Compiled by EDWARD M. DEEMS, A.M., PH.D.
CHRISTMAS is a Christian festival celebrated in memory of the birth
of Jesus
Christ. Originally we find the feast was celebrated by the Eastern
as Epiphania, January 6, and by the Western Church as atalis,
December 25.
While December 25 was in all probability not the actual date of Christ s
its selection by the Western Church was by no means arbitrary.
Precisely at this season of the year occurred a series of Pagan festivals,
connected with the civil and social life of the Romans,, and from the
nature of
their observance, easily capable of being spiritualized and made
symbolic. This
series culminated in the festival of the winter solstice, the birthday of
the new
sun about to return once more toward the earth. In this feast the
transition to
the Christian point of view easily presented itself, and hence it came
about that
in the Christian cycle of holidays December 25 was set to celebrate the
of Jesus, the Sun of the spiritual world for the purpose of drawing away
people from heathen festivities, and of purifying eventually these
heathen customs
and ideas.
In the fourth century, through the influence of Chrysostom, it is
believed, the
Eastern Church transferred its celebration to the same date, and the
day being
thus uniformly accepted, Christmas became one of the three great
annual festivals
of the Church.
curved ranks of white-clad warriors, women
and children facing the altar, the hoary High
Priest and kneeling child the victim doomed
to die by the blow of the hammer, a sacrifice
to Thor, the Hammerer.
Then the coming of Boniface, the blow
from the Hammer turned aside by the Cross,
the rescue of the boy, the fall of the oak be
fore the mighty blows of the apostle, the
story of Jesus simply told and how sin, not
human life, is the sacrifice He asks.
" And here, said the apostle, as his eyes
fell on a young fir tree, standing straight and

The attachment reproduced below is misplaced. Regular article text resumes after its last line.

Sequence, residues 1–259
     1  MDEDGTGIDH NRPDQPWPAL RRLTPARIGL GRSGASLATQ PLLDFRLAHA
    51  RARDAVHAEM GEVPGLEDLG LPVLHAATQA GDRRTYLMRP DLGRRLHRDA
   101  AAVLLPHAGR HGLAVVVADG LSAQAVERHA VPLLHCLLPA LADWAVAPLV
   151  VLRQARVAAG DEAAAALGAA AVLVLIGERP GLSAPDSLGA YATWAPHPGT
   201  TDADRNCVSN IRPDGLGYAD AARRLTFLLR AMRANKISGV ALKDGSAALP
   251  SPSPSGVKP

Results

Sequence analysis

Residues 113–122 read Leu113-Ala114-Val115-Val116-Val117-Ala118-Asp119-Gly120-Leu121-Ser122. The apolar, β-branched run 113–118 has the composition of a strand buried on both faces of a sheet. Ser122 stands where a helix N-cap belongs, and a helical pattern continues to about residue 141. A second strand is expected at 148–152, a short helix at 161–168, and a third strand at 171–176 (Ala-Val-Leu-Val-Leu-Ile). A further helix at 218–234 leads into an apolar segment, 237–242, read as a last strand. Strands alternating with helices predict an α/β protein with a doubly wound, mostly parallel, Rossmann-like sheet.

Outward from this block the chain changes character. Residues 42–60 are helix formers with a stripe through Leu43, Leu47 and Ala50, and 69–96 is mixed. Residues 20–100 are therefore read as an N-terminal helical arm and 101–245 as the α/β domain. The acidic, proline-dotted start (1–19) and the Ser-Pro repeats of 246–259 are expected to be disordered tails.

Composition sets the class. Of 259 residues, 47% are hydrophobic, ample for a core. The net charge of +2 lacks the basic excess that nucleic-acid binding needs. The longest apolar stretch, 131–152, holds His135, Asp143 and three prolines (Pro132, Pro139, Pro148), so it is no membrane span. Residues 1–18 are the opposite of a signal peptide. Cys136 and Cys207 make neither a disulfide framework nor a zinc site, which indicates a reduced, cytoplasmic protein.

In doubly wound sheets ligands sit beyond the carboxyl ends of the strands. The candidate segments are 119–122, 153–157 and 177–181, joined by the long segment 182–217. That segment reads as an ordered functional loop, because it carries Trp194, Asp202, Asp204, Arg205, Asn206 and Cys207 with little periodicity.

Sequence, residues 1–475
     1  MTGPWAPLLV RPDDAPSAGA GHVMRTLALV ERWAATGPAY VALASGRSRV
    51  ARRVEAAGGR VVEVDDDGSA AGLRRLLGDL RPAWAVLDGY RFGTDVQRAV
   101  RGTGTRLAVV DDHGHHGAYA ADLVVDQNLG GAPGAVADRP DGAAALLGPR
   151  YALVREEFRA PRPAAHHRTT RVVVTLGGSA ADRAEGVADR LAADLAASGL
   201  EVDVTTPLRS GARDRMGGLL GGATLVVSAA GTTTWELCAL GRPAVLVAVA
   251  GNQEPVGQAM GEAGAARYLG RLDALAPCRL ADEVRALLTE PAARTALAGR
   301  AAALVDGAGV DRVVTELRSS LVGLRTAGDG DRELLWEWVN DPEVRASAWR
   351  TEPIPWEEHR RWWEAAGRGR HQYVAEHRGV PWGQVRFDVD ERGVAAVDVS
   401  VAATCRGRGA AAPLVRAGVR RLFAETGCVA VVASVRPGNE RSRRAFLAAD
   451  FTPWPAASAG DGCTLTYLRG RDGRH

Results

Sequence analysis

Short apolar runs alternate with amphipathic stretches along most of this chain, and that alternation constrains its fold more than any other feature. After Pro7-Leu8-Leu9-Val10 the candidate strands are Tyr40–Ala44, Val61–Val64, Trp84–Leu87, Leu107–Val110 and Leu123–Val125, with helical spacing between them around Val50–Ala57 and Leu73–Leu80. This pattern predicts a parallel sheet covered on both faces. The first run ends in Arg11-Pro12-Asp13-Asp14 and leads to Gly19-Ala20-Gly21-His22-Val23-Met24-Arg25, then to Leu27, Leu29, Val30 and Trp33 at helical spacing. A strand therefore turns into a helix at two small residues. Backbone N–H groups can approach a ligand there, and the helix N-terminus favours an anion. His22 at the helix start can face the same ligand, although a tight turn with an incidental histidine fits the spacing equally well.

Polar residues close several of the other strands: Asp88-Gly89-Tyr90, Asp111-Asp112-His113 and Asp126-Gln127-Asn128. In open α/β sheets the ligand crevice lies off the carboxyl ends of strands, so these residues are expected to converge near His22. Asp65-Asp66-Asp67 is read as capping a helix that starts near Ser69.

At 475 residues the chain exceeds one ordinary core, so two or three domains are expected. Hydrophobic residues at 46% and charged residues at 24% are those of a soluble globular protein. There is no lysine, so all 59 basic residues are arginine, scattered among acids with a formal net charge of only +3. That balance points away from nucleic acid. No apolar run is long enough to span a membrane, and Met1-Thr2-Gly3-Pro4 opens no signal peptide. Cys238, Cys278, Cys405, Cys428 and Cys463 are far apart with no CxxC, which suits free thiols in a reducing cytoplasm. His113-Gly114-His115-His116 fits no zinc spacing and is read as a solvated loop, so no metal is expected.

green with its top pointing toward the stars,
amid the divided ruins of the fallen oak,
here is the living tree, with no stain of
blood upon -it, that shall be the sign of your
new worship. See how it points to the sky.
Let us call it the tree of the Christ-child.
Take it up and carry it to the Chieftain s
hall, for this is the birth-night of the White
Christ. You shall go no more into the
shadows of the forest to keep your feasts
with secret rites of shame. You shall keep
them at home with laughter and song and
rites of love. "
Thus did " the hour of darkness, the power
of winter, of sacrifice, and mighty fear "
vanish before the glad radiance of redeem
ing love, and the Pagan oak, whose roots
were fed with blood, fall before the fir tree
which " points to the stars." P. Tid.
For several centuries after the birth of
Jesus Christ, Christmas : our happiest season,
was to His followers one of heroic ordeal.
His birthday was first celebrated in the
second century, it i? said, by order of Teles-
phorus, seventh Bishop of Rome, who shortly
after suffered martyrdom, the observance of
the anniversary of Christ s nativity being one
of his offenses. But tho the initiator of the
observance died, the observance lived lived
through flame and sword. After two hun
dred years, in the reign of Diocletian we
read of a vast multitude of Christians as
sembled, of windows and doors barred by
the Pagan emperor s order of torches ap
plied to the crowded building, and the burn
ing alive of hundreds of worshipers as
sembled to celebrate the birthday of Christ.
Six hundred years after the martyrdom of
the man who is reported to have instituted
the Christmas observance, the man to whom
tradition assigns the ideas of the Christmas
tree suffered a like fate at the hands of the
Pagan tribes of Germany.
The legend of St. Boniface and the first
Christmas tree has been beautifully told. The
scene lives before us : the wintry night, the
swelling hillock crowned with the great oak
tree the " Thunder Oak," sacred to the Pa
gan god, Thor, the tongues of ruddy flame,
the fountains of ruby sparks from the great
fire kindled near the altar at its foot, the
I remember sitting on one of the old marble
pillars lying now, for who knows how many
centuries, on the open ground beside the
Church of the ativity at Beth-
The Hori- lehem, and letting my thoughts
zon near wander back till the haze of mil-
Bethlehem lenniums sent them home to me
again, like oah s dove, wearied
with vain attempts to find anything, in those
dim regions, on which to alight. The horizon
must have been very much the same ever
since the age when the soft white chalky
limestone which once covered all Palestine,